An ophthalmologist is a medical professional specializing in eye care. They diagnose and treat conditions that affect the eye. They can also perform eye exams, surgery, and fit eyeglasses and contact lenses.
This article explains what ophthalmologists do and the conditions they treat.
It also looks at how they differ from other healthcare professionals that specialize in eye and vision care.
Ophthalmologists are medical professionals who are licensed to practice eye medicine and surgery.
An ophthalmologist can:
- perform eye exams
- diagnose and treat eye disorders and diseases
- perform eye surgery
- prescribe and fit eyeglasses and contact lenses
According to the American College of Surgeons, they are the only healthcare practitioners that have received training to diagnose and treat all conditions that affect a person’s eyes and vision.
To qualify as an ophthalmologist in the United States, a person must complete approximately 12 years of education and training. This consists of 4 years each of college and medical school, alongside 4–5 years of additional training.
An ophthalmologist may choose to complete a fellowship to become a subspecialist in one area of eye health. This training prepares them to treat more specific or complex conditions in different parts of the eye or a particular group of people.
Subspecialists can specialize in:
- The cornea: This focuses on cataract surgery, corneal transplantation, and refractive eye surgery.
- The retina or uveitis: This area specializes in conditions that affect the retina and vitreous. This would include laser treatment and surgical treatment of conditions, including diabetic retinopathy and retinal detachment.
- Glaucoma: This area focuses on medical and surgical treatment of conditions that cause damage to the optic nerve.
- Pediatric ophthalmology: This subspecialty focuses on eye conditions that affect children.
- Plastic and reconstructive surgery, or oculoplastics: This involves learning how to perform surgical procedures, including removing tumors and repairing bony fractures.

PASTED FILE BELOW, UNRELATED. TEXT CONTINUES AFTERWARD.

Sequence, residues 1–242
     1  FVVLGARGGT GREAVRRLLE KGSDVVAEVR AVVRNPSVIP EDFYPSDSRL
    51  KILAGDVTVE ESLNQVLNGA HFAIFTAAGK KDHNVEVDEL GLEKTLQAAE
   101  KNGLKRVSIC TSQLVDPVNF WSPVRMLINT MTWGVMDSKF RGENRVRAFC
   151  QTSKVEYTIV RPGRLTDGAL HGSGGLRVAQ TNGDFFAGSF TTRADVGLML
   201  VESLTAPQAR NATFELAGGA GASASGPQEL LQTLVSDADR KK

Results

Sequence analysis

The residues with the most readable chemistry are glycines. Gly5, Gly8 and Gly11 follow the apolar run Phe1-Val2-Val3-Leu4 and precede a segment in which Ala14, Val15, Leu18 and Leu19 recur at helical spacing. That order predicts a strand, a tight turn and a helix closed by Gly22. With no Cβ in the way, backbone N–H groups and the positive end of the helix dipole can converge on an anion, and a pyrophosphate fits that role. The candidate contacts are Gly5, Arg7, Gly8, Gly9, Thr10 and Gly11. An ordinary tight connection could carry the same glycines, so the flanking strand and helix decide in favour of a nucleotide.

- Neuro-ophthalmology: This area relates to the neurological conditions that include visual manifestations.
- Ocular oncology: This involves the diagnosis and treatment of cancer in or around the eye.
Common conditions that ophthalmologists treat include:
- cataracts, which cause a cloudy patch on the lens of the eye
- glaucoma, which damages the optic nerve, leading to a build-up of fluid
- strabismus, or squint, which is when the eyes are not aligned
- amblyopia, or lazy eye, which is when the eyesight does not develop properly in one eye
- retinal problems, such as swelling, bleeding, and retinal detachment
- intraocular inflammation, which is inflammation that occurs within the eye
- corneal pathology, which are diseases that affect the cornea
They can also treat:
Ophthalmologists can perform various tests that will depend on whether a person has a specific eye-related problem or requires a routine eye exam.
A comprehensive eye exam will take between 45–90 minutes.
The ophthalmologist will ask the person about their medical history, including that of family members.
They will then begin testing and examining the eyes. This could include:
Visual acuity test using an eye chart
The ophthalmologist will ask a person to stand 20 feet away from a chart, cover one eye, and say what they can see.
The most common eye chart is a Snellen chart, which displays letters that decrease in size from top to bottom. This helps the doctor understand how sharp a person’s vision is.
Visual field assessment
Visual field assessments involve an ophthalmologist measuring how much vision a person has in either eye, whether they have any blind spots or any other conditions that may affect a person’s sight.
- confrontation visual field test
- automated static perimetry test
- kinetic visual field test
- frequency doubling perimetry
- Amsler grid
Eye pressure testing
Too much pressure can damage the optic nerve and sometimes lead to glaucoma.
An eye pressure test is called tonometry.
There are different types of tonometry, including:
- Application tonometry: The ophthalmologist first numbs the eyes before touching the front of them with a handheld device that glows blue. This method is more accurate than other methods, such as non-contact tonometry.
- Non-contact tonometry: This test uses a puff of air to determine the pressure. Although this method may be less accurate, it does not require the use of numbing drops.
- Rebound tonometry: An ophthalmologist uses a small ball projected toward the cornea. It measures the resistance of its return to the machine.
- Indentation tonometry: An ophthalmologist uses a tool called a tono-pen. This is a hand-held device that determines the force needed to indent the cornea.
Eye movement test, or ocular motility
This test shows whether a person’s eyes align and whether the eye muscles are working correctly.
Assessing the front of the eye, the retina, and optic nerve